Degrees of freedom for error (DFE), specified as a scalar. The DFE is calculated as DFE = N-P, where N is the number of observations and P is the number of parameters.

Mean squared error, specified as a scalar.

Sum of squared (weighted) errors or residuals, specified as a scalar.

Matrix of weights, specified as a matrix with one column per response and one row per observation.

Estimated parameter names, specified as a cell array of character vectors.

Error models and estimated error model parameters, specified as a table.

  • The table has one row per error model.

  • The ErrorModelInfo.Properties.RowsNames property identifies which responses the row applies to.

  • The table contains three variables: ErrorModel, a, and b. The ErrorModel variable is categorical. The variables a and b can be NaN when they do not apply to a particular error model.

There are four built-in error models. Each model defines the error using a standard mean-zero and unit-variance (Gaussian) variable e, the function value f, and one or two parameters a and b. In SimBiology, the function f represents simulation results from a SimBiology model.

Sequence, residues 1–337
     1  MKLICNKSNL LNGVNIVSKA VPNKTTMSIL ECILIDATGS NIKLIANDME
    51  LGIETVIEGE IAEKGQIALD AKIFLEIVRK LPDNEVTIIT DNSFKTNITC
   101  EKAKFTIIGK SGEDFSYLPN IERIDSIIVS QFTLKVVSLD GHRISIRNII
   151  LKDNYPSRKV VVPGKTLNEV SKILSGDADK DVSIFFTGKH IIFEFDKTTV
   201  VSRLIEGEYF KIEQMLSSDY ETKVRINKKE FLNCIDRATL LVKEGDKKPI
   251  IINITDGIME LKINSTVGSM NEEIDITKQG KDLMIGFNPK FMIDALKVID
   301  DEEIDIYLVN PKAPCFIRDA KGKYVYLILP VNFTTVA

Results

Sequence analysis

• 'constant': y=f+ae

  • 'proportional': y=f+b|f|e

  • 'combined': y=f+(a+b|f|)e

  • 'exponential': y=fexp(ae)

Name of the estimation function, specified as a character vector.

File names to include for deployment, specified as a cell array of character vectors.

Exit flag specific to the estimation function, specified as a scalar. See the reference page of the specific algorithm to get more information on the value of ExitFlag.

Additional outputs specific to the estimation function, specified as a structure array. See the reference page of the specific algorithm to get more information on the values of the Output structure array.

Object Functions